Where This Meets That
After failing to stomach the dreadful 2006 Superman Returns, I hoped someone would come along with a good reboot for the franchise. Apparently, I wasn’t alone. As the film’s writer David Goyer told Empire Magazine, “We were feeling — and I think a lot of people were feeling — that Superman was ceasing to be relevant.”
Frankly, in an era that’s seen tons of superheroes old and new “take flight”, Superman Returns threatened to bind the “man of steel” with Kryptonite and cast him into the “Phantom Zone”. Fortunately, we can forget about that episode now.
Zack Snyder’s Man of Steel is a fun, action-packed spectacle that sizzles with out-of-this-world special effects, overblown pyrotechnics, and, of course, the obligatory Armageddon storyline. As with J.J. Abrams’ original Star Trek, this Man of Steel includes a few twists to the original storyline, and for the most part, they work.
After hailing Michael Shannon’s chops in last year’s Take Shelter, I couldn’t wait to see his take on General Zod. Sadly, this Zod falls short of the (high) bar set by Terence Stamp in 1980’s Superman II. Fortunately, by contrast, Henry Cavill’s portrayal of Superman, well, soars.
To be fair, Cavill’s performance probably benefits from more solid character construction than does Shannon’s. The film does a good job of introducing our hero, shrouding him as a humble, anonymous drifter whose development is revealed mostly by touching flashbacks to his youth. Cavill, nevertheless, deserves credit for truly owning the role.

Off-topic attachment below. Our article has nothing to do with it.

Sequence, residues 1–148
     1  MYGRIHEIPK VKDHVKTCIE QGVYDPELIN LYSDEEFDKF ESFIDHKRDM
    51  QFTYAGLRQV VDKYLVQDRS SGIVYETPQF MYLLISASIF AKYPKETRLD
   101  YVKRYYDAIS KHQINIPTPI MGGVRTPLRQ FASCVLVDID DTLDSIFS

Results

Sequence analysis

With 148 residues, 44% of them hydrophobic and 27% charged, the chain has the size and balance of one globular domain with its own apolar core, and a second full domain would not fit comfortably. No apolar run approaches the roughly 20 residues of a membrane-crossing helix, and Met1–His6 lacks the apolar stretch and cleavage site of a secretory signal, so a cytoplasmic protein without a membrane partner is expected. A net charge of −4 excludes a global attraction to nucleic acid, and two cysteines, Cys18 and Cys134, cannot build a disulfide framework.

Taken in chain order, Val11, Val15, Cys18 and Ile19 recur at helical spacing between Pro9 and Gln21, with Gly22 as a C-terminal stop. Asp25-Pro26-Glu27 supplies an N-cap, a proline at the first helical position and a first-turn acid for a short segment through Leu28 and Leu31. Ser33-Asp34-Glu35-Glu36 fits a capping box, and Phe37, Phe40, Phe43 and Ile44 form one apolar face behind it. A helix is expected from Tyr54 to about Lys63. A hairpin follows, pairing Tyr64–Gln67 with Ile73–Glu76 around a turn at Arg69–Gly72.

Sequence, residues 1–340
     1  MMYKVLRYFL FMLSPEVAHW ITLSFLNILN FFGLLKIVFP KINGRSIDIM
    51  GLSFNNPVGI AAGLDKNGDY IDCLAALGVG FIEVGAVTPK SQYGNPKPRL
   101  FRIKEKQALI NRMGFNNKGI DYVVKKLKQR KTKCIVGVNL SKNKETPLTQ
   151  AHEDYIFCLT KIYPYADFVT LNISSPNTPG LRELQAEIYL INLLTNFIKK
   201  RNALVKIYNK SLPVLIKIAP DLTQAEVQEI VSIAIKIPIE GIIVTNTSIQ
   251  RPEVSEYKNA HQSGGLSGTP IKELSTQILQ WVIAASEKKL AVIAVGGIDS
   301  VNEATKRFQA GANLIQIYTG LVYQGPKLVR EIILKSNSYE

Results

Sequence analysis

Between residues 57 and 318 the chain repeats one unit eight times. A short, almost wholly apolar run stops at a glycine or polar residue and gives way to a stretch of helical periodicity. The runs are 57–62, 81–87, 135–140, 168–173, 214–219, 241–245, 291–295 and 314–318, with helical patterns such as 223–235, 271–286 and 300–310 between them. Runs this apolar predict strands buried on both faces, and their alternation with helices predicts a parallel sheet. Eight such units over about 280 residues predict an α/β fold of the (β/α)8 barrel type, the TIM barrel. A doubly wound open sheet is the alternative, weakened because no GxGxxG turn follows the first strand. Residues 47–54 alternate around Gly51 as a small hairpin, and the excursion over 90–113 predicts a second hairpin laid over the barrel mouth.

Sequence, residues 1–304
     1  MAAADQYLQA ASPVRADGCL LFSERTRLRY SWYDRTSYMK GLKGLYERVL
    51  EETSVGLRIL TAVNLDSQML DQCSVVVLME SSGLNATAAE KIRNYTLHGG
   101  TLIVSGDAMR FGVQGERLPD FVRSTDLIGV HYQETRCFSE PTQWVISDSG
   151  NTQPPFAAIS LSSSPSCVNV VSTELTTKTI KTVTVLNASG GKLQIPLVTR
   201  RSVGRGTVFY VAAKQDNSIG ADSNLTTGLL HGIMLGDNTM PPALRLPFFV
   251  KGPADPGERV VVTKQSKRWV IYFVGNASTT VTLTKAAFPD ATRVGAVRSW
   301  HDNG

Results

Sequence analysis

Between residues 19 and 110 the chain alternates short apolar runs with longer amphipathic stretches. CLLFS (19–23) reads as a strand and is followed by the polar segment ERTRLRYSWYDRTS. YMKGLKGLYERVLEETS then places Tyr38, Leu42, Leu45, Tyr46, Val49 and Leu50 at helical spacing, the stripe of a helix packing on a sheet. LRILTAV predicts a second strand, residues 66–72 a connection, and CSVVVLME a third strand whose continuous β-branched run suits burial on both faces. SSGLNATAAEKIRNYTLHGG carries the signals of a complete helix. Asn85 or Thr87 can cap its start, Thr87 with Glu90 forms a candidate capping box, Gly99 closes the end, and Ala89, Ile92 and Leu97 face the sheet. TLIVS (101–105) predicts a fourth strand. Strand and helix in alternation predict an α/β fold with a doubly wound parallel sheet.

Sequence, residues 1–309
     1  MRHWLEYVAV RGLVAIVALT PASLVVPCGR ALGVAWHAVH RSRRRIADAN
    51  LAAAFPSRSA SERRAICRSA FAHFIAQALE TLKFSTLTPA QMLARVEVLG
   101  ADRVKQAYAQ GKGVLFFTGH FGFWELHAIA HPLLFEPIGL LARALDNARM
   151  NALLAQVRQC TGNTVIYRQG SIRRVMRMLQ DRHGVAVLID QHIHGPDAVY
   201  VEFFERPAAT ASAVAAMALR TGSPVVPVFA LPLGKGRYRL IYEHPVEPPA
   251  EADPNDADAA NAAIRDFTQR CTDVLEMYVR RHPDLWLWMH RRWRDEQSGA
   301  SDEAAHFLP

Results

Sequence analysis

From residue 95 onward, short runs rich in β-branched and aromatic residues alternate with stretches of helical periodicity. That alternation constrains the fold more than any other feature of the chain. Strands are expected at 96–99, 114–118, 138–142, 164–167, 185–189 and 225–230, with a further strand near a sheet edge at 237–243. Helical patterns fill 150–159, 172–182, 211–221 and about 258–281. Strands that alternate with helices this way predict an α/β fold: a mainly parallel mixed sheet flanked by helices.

People might read any number of ulterior agendas – from immigration to Christianity – into the film, but let’s remember what Man of Steel is: a summer superhero movie. And from the get-go, this movie moves. You’d be hard pressed to find anyone criticizing it for a slow pace. In fact, my biggest criticism is that it ultimately ratchets the action too hard, finally stripping its threads just before the two hour mark. But such is the nature of today’s summer blockbuster, so it’s hard to fault it too much for that anymore than you can fault a zebra for its stripes.
In the end, Man of Steel earns its stripes better than perhaps any previous Superman film, certainly better than any since Superman II, thirty-three years – or a Superman’s lifetime – ago.
Man of Steel score: 3.5 Falcone Rings